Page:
Identifying, assessing and controlling risks and hazards to personnel are key responsibilities in the remit of today’s health and safety professionals.
Conducting a risk assessment means systematically looking at work activities, determining what could go wrong and identifying ways of eliminating or reducing the risks or hazards.
The Health and Safety Executive (HSE) defines the process of conducting a risk assessment as:
Step 1: Identifying the hazards (such as dangerous chemicals, sharp instruments, exposure to electrical current or working at height)
Step 2: Deciding who might be harmed and how
Step 3: Evaluating the risks and decide on precautions
Step 4: Recording significant findings
Step 5: Reviewing the assessment and updating it if and where necessary
Assessing if PPE is required
According to the HSE, 144 workers were killed at work and an estimated 621,000 workers suffered non-fatal injuries as a result of work activity in 2015/16. ‘Despite long term reductions in the number of workers injured each year, the kinds of accident sustained remain similar year-on-year’, the organisation reported.
More than a quarter of those fatal injuries (37 cases) were a fall from a height; 18 of the fatal falls occurred in the construction sector, seven in the agriculture, forestry and fishing sector and four in manufacturing.
In cases of non-fatal workplace injuries, the most common are those acquired while lifting, handling or carrying (an estimated 122,000 cases), followed by slips, trips and falls (estimated 119,000 cases).
Having established that there is a risk of harm or injury to an employee, one of the crucial precautionary measures to eliminate or mitigate those risks may be to provide Personal Protective Equipment (PPE) and/or protective clothing.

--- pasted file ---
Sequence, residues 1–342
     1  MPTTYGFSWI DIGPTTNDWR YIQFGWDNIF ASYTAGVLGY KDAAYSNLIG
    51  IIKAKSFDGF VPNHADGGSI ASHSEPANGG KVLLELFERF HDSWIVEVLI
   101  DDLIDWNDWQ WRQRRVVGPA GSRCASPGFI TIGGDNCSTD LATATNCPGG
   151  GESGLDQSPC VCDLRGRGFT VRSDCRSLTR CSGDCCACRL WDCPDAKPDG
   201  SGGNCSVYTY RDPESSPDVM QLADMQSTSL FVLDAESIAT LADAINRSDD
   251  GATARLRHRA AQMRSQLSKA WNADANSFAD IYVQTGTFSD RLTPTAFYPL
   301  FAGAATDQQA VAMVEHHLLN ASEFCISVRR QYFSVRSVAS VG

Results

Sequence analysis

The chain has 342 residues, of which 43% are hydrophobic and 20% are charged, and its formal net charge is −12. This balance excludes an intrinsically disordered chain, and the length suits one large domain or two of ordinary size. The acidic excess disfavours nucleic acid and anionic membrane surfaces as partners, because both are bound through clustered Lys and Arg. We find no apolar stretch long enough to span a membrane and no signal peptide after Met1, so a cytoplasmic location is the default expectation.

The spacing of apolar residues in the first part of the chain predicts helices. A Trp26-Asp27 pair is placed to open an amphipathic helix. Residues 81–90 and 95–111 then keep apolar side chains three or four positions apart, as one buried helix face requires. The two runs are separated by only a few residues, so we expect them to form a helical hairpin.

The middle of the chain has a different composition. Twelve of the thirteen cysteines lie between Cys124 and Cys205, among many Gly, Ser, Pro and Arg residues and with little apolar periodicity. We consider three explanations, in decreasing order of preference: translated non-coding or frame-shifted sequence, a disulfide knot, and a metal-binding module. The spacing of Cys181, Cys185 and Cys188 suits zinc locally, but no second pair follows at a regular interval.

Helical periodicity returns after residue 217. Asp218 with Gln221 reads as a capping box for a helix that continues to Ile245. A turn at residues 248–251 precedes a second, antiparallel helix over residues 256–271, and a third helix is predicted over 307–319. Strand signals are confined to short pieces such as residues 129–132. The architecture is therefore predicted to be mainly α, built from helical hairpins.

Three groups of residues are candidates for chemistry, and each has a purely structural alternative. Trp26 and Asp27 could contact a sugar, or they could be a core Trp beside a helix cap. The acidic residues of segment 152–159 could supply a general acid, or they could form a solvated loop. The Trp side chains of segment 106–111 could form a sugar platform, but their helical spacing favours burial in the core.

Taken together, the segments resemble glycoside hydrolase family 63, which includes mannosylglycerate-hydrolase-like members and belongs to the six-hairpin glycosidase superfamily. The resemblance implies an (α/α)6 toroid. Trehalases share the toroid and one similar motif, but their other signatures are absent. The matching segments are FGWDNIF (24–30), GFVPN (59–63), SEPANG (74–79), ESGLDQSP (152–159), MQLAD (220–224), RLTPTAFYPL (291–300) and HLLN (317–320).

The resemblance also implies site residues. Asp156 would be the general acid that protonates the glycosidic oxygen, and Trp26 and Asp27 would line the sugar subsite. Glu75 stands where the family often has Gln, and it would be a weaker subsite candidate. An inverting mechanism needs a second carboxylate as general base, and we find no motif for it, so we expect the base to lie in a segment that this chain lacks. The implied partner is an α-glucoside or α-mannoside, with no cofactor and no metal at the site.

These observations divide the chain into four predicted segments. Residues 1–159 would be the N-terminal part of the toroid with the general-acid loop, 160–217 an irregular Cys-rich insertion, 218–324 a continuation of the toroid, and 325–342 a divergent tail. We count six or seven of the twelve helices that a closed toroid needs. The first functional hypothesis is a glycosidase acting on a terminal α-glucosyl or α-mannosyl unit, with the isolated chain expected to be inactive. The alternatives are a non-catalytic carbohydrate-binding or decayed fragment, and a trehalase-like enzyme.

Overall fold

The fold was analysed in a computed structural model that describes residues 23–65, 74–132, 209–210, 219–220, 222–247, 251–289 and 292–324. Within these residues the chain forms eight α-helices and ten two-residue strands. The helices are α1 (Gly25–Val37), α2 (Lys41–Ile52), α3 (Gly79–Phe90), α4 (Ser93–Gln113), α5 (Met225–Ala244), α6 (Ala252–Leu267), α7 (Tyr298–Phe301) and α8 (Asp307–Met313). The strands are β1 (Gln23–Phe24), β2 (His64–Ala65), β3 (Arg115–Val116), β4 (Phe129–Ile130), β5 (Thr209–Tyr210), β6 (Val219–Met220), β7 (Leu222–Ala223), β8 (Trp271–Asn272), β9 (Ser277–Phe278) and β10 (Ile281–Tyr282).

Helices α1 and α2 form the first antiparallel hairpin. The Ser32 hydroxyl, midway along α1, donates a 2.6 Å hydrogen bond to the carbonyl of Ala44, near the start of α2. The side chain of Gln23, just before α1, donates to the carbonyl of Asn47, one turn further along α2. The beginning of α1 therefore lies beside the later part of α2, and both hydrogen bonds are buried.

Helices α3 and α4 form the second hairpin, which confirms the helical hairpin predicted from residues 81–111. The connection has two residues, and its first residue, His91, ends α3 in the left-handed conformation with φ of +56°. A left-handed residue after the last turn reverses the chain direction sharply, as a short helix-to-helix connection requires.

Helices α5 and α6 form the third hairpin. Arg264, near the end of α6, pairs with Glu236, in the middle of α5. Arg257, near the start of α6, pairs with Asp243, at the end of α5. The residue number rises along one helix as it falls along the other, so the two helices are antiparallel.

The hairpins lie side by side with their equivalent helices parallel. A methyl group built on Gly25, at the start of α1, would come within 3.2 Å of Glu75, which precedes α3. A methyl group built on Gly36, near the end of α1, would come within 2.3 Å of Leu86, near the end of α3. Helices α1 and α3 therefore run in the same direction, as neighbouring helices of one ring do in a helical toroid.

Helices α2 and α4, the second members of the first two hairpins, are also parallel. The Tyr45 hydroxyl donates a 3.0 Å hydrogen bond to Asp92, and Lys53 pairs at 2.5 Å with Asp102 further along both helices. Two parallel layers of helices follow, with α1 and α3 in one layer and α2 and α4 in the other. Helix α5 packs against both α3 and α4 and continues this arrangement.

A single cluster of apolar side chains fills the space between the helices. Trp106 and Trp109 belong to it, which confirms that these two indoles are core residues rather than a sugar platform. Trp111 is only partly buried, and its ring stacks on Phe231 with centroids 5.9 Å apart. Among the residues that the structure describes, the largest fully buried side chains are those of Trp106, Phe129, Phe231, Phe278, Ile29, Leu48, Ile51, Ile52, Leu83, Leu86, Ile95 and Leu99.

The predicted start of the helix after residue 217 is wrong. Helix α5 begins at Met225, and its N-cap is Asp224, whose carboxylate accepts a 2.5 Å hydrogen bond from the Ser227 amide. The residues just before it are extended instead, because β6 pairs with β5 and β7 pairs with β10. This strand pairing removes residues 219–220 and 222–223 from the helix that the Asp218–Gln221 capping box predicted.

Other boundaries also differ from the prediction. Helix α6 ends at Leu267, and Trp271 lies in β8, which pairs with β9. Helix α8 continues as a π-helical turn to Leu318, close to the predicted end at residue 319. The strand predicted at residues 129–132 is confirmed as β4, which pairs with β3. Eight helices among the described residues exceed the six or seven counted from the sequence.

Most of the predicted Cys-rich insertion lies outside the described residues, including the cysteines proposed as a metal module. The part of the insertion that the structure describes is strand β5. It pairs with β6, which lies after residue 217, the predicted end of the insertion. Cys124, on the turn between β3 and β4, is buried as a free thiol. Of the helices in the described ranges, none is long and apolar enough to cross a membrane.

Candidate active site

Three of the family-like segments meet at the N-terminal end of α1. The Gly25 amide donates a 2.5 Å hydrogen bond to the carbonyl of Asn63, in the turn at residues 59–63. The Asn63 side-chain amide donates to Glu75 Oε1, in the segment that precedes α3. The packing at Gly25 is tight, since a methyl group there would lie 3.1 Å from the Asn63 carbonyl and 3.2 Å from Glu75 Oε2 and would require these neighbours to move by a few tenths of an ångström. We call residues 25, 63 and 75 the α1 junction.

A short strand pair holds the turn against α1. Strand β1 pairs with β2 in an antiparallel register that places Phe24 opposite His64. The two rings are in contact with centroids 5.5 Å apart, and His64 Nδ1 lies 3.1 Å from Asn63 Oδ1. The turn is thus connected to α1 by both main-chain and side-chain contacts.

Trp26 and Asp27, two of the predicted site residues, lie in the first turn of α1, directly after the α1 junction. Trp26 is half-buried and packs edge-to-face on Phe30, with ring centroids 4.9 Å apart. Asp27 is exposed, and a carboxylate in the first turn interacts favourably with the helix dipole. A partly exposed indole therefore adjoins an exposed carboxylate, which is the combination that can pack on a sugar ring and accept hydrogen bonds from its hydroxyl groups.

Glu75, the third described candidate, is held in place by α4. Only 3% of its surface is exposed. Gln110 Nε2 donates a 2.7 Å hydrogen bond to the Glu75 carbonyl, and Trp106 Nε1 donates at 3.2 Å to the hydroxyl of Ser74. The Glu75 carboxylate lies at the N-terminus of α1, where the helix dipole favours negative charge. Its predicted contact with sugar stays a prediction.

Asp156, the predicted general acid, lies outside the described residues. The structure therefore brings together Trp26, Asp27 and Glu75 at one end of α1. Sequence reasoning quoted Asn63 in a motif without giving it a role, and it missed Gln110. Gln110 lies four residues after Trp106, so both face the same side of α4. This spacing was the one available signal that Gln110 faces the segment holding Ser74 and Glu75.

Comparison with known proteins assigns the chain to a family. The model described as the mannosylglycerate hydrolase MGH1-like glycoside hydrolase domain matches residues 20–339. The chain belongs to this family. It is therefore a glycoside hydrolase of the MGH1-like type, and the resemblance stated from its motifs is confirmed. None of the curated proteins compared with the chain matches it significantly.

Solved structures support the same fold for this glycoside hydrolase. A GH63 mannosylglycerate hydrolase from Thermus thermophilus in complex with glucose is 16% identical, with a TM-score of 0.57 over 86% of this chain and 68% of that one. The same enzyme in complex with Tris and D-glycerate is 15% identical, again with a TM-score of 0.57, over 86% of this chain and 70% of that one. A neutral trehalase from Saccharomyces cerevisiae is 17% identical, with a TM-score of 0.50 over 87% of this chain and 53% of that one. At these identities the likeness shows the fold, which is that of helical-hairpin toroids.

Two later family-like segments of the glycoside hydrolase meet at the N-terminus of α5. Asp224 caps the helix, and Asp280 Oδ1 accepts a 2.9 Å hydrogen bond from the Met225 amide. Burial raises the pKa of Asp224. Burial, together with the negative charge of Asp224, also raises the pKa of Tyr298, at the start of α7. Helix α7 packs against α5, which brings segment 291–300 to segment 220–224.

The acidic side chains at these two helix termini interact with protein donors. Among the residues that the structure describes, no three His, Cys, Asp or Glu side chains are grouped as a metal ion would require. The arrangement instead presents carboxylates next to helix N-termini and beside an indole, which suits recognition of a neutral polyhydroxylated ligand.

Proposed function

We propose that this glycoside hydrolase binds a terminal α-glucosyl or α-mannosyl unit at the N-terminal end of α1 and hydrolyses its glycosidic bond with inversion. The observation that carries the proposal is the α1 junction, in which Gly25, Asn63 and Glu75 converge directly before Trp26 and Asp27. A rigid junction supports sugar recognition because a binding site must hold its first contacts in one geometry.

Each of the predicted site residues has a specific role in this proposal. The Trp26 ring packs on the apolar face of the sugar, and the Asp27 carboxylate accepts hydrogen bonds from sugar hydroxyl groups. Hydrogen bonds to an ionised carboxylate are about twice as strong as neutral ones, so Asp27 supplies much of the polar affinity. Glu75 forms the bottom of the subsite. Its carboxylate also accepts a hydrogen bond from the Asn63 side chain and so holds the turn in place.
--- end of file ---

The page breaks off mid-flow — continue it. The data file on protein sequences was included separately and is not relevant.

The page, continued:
There are a multitude of hazardous situations and scenarios when wearing the correct PPE will prevent harm to your workforce, including:
- Extreme temperatures – where workers need protection against fire or scorching heat or the hazards of working in the freezing cold
- Debris, foreign objects or dust – where safety goggles and glasses, and head protection might be necessary
- Chemicals – where personnel require protection from corrosive substances and fluids they are handling
- Blades, saws and sharp instruments – where workers need protection from needlesticks, cuts and abrasions
- Noise – where measures are needed protect employees’ from work-related hearing loss
It is not always easy or straightforward to decide whether PPE is required. Talking to a PPE expert, preferably one registered with the British Safety Industry Federation, the body that audits safety professionals, will help identify any requirements for protective measures and also ensure you select the right PPE and protective clothing for your organisation’s needs.
Safety solutions that work
The help and advice that you can receive by working with an experienced and knowledgeable PPE supplier will also eliminate other risks, such as specifying a higher or lower spec item than you require and spending more than you need to. They will also be able to provide you with a number of options, all of which will give the protection required but which may meet other requirements, such as comfort, dexterity, brand identity and customisation.
Contego Safety Solutions stocks a wide range of corporate workwear, protective clothing and PPE, including our WEARMASTER® range. We also provide a bespoke uniform design and manufacturing service to ensure that you get precisely what you are looking for in a company uniform.
The friendly and expert team at Contego Safety Solutions is always on hand to give advice and guidance on the right PPE and protective clothing for your needs. Contact us now on 0800 122 3323 or firstname.lastname@example.org to discuss your requirements.
To find out more our extensive range of products visit our online shop or download the Contego Catalogue now.